Guernsey does not have a Freedom of Information Law (FoI). We have a Code of Practice for Public Information, which is voluntary. There is a supposed “presumption in favour of disclosure” rule. Experience suggests, however that this is not observed if the information requested would cause discomfort. The ranks close. A full Freedom of Information Law would prevent this happening by providing a defined right to information, subject to independent interpretation by a judge or Data Protection Commissioner (rather than by a non-independent official), and thereby capable of enforcement.
Excuses for not previously doing so have focussed on costs. Whilst “small government” and the minimisation of the costs of government, both those directly charged to citizens and those indirectly caused to them, is of course an important objective, it should not be used as an excuse for not doing what is undoubtedly right for the modern day, but which happens to be inconvenient to the establishment.
In fact, the ultimate cost of a Freedom of Information Law would likely be lower than the direct costs of its implementation and existence, because that existence would encourage better practice. We believe that previous deterrent scaremongering estimates of the costs of providing information transparency have been greatly overestimated for a small community such as Guernsey, but in any event, if the organisation is in fact operating cleanly, the costs will be reduced; it is merely a question of efficiency. We believe that FoI will pay for itself in practice, because the likelihood of public disclosures would result in more careful decision-making with consequent savings to the public purse, as well as discouraging the questionable use (whether through profligacy or doubtful propriety) of taxpayers’ monies. The real question is: in a modern climate, can Guernsey afford not to have such a Law?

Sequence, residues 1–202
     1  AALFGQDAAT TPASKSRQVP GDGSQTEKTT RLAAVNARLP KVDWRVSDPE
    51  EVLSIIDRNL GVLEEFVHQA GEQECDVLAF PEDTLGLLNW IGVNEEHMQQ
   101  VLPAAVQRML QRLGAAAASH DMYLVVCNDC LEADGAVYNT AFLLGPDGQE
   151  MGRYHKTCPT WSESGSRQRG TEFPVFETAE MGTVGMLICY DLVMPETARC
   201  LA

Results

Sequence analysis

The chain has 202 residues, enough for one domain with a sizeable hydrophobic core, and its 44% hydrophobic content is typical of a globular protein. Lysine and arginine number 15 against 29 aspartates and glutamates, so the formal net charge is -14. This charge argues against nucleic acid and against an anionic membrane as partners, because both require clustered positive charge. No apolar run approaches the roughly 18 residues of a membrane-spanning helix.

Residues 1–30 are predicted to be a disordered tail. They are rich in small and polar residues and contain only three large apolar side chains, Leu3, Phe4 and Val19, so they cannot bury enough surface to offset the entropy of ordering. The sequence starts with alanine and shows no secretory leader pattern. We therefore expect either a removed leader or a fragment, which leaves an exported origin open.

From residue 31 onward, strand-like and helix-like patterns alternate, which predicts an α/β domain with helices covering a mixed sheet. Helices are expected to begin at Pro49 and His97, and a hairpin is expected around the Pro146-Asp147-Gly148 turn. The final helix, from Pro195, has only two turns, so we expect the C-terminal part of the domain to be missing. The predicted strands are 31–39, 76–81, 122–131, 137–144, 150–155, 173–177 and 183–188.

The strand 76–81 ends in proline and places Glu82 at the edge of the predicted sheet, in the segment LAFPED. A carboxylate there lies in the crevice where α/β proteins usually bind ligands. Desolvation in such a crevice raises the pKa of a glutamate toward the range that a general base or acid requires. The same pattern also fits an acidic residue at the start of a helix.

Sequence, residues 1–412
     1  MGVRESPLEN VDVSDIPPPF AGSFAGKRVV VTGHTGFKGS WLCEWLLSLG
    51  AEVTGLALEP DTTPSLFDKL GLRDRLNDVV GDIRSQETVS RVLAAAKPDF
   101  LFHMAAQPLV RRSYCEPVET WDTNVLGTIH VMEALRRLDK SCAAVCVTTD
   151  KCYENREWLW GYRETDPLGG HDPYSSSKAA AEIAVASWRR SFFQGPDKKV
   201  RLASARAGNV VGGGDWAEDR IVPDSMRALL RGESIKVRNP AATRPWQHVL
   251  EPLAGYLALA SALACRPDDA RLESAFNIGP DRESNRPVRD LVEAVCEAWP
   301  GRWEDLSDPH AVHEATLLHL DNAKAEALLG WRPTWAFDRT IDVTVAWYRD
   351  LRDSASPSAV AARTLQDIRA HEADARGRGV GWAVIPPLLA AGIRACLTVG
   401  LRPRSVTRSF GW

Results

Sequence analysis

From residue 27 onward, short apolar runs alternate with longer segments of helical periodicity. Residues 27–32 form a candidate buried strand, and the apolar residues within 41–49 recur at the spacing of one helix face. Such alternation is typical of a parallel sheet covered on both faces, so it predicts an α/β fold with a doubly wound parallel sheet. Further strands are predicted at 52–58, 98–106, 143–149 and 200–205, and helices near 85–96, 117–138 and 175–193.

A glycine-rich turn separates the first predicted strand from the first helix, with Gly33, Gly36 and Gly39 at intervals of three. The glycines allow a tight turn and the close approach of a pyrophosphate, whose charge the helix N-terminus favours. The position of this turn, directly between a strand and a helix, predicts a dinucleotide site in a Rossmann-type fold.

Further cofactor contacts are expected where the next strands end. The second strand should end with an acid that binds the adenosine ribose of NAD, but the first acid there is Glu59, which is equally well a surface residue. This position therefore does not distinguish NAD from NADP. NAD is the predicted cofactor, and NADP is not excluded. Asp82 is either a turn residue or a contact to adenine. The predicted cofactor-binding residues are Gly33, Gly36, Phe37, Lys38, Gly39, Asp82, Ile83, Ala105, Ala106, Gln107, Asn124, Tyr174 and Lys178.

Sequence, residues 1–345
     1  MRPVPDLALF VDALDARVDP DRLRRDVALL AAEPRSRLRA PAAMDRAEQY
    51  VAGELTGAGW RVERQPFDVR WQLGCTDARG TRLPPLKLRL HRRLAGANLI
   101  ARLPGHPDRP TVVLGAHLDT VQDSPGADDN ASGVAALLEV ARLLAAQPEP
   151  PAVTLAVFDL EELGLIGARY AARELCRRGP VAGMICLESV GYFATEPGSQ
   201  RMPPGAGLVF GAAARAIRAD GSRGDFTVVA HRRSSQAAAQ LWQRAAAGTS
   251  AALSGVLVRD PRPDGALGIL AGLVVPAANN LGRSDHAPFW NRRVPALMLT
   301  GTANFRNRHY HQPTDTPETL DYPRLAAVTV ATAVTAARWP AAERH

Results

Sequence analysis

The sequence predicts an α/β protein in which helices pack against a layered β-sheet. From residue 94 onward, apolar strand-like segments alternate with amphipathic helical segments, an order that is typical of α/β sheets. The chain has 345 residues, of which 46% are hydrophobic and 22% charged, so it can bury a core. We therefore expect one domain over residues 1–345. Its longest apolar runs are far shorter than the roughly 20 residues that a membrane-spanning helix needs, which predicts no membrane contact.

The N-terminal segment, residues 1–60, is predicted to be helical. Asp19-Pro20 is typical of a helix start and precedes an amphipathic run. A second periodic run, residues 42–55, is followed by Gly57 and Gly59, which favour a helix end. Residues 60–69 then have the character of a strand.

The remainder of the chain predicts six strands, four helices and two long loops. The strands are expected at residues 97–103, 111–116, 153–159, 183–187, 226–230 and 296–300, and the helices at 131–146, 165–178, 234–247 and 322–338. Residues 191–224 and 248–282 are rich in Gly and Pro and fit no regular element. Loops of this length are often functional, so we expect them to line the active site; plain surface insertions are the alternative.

Importantly, though, the system for providing FoI must be reasonably affordable for the applicant. The “free” availability of information is an illusion if the costs of obtaining that information are initially high, or prohibitive in the face of any resistance, and any system for implementing FoI must take account of this. There are methods of dealing with this, such as a sliding scale of fees & we might be well advised to examine Jersey law in this regard, and see how they do it.
We believe that an easy, effective and affordable route for accessing information must be developed and provided, particularly for the aggrieved. It is a vital tool for both the efficiency of a modern system of government, and for promoting the trust of citizens. The case for introducing such a Law going forward is therefore compelling.
A more difficult question is how far any such Law should have retrospective effect. It might reasonably be feared that unlimited retrospectivity could encourage an avalanche of requests, and expense out of all proportion to any practical benefit. It would be reasonable, therefore, for there to be some form of time limit. However, such limits must be sufficiently liberal or flexible so as to permit applications with regard to matters of continuing effect on the applicant, or which relate to issues of proper conduct in public office. But the correct scope of these qualifying requirements could, and should, in case of dispute, be decided on by the independent judgment of a court or Data Protection Commissioner, and not by an official, and in all cases there would be a presumption in favour of disclosure. It is worth noting that Jersey has implemented retrospective FoI, and that matters are administered by the Data Protection Commissioner.
Only that way will a Freedom of Information Law be able to fulfil its proper function; encouraging transparency and promoting confidence in government. What politician or official could conscientiously object to this?
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